The Illinois primary is now in the books as a Romney win. This was a significant state; if Santorum had won it, he would have made a major stride toward his goal of reversing the delegate math. As it is, Santorum’s path to the nomination has become virtually . . . well, I was going to say “impossible,” but I don’t want to go quite that far. Nevertheless, the odds are now more against it than a week ago, even if he pulls out Louisiana later this week.
The media, aided by the Romney campaign, played up a comment by Santorum that made it appear he didn’t care about the unemployment rate. We all know how easy it is to pull a phrase out of an entire explanation and twist the intent. That’s what the Romney team did in this case. Santorum’s full statement was “My campaign doesn’t hinge on unemployment rates and growth rates. It’s something more foundational that’s going on.”
Romney should know how a statement can be taken out of context. Remember when he said he wasn’t concerned about the very poor, and the firestorm that created for a while? Well, I knew he meant that the very poor were already being taken care of by current policies, and that he wanted to help everyone. I didn’t criticize him for that. Neither should he and his team have taken a cheap shot at Santorum for his unemployment rate comment. It’s typical campaign dishonesty.
What did Santorum mean? His concern is more broad-based. He sees the overall trend in American society—the destruction of the traditional family, the loss of Judeo-Christian morality, the war for religious liberty, the over-extension of government power, etc.—and realizes these are the root causes of our economic woes. He also has made it clear that if Republicans hang their election hopes on bad economic numbers only, that they will be vulnerable if those numbers change for the better. It’s the difference between being principle-oriented vs. doing whatever is expedient to win a single election cycle.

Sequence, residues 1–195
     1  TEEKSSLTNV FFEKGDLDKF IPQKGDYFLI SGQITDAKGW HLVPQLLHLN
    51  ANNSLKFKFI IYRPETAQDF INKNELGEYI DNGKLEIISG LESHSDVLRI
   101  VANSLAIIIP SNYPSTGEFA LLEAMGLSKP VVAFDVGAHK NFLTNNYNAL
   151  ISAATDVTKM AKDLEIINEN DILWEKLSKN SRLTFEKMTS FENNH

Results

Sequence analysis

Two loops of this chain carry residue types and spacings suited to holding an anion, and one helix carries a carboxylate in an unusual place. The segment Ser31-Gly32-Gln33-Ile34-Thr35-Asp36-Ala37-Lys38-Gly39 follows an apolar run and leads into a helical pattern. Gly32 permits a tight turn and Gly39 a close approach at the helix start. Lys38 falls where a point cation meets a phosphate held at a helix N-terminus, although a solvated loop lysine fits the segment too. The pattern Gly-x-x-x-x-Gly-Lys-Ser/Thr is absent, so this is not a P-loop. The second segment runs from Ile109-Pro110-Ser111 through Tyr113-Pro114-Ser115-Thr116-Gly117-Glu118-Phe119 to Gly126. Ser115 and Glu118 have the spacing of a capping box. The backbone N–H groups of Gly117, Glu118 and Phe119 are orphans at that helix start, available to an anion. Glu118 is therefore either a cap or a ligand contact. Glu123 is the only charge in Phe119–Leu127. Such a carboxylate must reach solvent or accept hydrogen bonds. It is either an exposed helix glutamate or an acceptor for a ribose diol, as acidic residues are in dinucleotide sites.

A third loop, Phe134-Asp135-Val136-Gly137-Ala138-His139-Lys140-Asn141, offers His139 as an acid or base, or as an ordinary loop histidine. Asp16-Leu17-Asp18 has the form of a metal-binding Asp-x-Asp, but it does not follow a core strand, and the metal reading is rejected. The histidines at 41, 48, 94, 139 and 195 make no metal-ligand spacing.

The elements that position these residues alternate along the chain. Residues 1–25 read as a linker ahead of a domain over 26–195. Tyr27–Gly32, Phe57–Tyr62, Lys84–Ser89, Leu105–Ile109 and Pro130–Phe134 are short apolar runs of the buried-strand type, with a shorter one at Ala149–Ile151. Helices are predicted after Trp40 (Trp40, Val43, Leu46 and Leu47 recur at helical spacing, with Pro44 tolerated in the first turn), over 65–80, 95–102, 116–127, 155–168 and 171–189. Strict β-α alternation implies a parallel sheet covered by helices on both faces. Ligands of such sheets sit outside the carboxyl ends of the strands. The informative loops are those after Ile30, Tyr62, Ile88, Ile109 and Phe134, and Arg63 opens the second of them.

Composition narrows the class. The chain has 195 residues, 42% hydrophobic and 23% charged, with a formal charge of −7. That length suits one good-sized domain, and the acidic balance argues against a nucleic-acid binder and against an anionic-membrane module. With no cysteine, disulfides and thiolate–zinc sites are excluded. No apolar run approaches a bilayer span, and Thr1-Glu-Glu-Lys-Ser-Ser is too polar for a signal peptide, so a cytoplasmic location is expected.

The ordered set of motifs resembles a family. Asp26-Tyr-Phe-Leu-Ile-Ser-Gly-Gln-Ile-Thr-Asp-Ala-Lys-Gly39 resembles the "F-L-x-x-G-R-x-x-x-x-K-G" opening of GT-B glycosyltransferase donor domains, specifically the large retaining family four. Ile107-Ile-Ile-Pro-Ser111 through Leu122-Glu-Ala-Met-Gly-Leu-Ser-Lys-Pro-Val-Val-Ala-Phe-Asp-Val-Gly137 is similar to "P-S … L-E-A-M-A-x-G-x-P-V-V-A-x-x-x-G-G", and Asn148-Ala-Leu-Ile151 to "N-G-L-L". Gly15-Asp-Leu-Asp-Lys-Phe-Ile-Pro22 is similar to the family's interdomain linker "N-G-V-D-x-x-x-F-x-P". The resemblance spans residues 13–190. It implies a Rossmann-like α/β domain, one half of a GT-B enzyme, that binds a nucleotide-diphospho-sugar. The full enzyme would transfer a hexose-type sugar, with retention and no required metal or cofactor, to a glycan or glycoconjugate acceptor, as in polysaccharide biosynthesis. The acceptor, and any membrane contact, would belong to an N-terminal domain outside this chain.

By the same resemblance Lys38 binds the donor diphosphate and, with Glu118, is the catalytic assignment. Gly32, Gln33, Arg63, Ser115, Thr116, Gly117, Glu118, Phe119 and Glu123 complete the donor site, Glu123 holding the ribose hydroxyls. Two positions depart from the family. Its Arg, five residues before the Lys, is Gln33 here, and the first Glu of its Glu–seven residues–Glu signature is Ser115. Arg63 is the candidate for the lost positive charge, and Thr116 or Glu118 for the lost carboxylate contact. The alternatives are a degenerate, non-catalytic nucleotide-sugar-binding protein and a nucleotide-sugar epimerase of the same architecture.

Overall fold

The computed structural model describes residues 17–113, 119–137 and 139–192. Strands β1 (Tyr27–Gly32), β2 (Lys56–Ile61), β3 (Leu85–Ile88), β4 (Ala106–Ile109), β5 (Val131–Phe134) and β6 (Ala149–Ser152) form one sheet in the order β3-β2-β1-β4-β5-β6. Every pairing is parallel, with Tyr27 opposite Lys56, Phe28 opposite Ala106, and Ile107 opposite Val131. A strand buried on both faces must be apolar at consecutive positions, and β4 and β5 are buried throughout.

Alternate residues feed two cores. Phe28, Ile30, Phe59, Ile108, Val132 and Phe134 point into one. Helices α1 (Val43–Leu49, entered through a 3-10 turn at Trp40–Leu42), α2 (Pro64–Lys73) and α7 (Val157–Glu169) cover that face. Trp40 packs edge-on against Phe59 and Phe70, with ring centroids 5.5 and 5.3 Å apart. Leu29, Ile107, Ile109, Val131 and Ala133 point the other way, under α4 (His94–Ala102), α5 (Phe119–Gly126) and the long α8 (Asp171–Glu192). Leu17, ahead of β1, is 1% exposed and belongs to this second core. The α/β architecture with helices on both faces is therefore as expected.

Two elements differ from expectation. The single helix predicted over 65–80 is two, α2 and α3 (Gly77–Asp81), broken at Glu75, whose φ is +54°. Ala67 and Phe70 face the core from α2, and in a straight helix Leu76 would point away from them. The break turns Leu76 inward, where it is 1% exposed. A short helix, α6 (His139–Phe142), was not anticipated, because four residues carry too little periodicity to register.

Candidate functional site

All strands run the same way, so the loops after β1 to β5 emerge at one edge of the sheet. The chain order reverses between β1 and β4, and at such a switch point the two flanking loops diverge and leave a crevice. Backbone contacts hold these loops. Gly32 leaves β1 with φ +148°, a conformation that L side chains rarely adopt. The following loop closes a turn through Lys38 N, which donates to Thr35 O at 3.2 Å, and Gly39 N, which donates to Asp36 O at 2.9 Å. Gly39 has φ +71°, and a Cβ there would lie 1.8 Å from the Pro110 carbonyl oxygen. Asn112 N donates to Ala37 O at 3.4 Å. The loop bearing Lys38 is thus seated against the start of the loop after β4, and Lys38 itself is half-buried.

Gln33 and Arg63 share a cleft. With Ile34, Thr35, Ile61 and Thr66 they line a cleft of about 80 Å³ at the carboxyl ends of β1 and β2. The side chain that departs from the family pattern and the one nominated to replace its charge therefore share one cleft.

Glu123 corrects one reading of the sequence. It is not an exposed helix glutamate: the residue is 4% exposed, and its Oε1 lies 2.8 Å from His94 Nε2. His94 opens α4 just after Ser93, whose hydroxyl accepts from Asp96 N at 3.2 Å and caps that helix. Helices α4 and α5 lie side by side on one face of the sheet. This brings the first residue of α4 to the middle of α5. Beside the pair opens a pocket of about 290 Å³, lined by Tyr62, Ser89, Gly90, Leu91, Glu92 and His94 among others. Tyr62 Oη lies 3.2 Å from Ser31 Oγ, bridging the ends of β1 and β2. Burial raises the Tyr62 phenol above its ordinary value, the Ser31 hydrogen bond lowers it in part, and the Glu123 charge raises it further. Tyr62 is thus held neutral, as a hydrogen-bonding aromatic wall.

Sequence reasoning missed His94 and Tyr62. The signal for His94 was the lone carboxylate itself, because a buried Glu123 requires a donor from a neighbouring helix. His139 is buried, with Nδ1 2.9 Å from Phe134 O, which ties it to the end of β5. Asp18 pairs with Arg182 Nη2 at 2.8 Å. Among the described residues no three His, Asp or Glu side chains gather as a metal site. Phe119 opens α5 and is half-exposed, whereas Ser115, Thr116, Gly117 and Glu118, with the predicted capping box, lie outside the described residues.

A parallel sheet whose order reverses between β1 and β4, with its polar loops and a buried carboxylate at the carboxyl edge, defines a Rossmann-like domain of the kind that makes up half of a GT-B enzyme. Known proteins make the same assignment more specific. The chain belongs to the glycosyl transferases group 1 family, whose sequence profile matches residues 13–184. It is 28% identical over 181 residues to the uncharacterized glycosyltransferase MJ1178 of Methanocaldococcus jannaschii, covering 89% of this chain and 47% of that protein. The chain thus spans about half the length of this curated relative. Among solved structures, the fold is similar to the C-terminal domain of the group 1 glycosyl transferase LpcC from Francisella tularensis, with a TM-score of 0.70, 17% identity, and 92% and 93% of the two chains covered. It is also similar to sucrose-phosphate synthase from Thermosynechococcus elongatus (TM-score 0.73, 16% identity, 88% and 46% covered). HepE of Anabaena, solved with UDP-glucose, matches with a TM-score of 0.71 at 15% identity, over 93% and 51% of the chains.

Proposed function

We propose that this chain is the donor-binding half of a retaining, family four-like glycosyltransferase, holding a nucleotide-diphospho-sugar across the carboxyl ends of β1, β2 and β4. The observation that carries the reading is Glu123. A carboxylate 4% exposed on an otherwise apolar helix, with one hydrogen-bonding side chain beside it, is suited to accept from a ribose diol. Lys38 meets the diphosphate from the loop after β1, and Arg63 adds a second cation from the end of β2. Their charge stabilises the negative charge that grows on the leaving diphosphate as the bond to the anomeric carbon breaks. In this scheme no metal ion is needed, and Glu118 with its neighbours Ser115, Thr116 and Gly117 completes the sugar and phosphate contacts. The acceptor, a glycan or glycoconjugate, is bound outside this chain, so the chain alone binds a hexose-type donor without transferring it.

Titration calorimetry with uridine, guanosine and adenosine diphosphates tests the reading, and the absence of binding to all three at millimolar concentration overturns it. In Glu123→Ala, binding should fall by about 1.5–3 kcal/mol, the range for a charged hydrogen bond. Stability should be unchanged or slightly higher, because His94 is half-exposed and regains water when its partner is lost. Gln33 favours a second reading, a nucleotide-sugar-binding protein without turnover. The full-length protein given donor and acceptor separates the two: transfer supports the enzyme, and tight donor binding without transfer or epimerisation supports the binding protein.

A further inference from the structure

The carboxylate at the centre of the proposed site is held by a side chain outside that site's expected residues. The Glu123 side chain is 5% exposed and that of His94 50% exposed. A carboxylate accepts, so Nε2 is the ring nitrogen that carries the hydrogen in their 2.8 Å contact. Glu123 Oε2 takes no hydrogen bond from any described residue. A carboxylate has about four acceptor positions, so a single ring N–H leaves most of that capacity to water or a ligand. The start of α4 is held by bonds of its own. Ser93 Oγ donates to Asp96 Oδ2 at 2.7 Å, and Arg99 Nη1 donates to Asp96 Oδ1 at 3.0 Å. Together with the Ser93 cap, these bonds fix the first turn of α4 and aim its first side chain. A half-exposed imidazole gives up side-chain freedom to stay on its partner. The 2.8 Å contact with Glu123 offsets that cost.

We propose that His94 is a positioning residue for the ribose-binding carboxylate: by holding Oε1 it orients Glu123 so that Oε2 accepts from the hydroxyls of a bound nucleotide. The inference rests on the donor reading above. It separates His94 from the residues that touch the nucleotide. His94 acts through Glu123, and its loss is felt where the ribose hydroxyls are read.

I will always side with those who understand and promote the basic principles that serve as salt and light for a nation.
What Republicans are now poised to do, by choosing Romney, is to reenact the debacle of former nominees such as Bob Dole and John McCain. I’m also hearing the same refrain as I heard in 2008 when Huckabee continued the race against McCain when it seemed as if he couldn’t win. We were told he needed to withdraw so the party could coalesce around the inevitable nominee. Forgive me, but I still believe Huckabee would have been the better candidate. McCain’s campaign was dreadful; the only spark he ever got was when he added Palin to the ticket.
If Romney does pull this off, the only way he’ll gain any conservative enthusiasm for his campaign is if he makes a very solid and wise choice for his vice president. If he opts for another middle-of-the-roader, he will find it difficult to get the grassroots support he will need. There will still be a lot of us who will vote for him, but only because another Obama term is unthinkable. But that’s not the same as heartfelt support for the nominee.
I do believe Romney can defeat Obama, but then I worry that we will have Obama-light. Sometimes when you win in the short term, you lose overall. Will he really overturn Obamacare? Will he make good choices for the Supreme Court? I could go on. These remain large questions in my mind.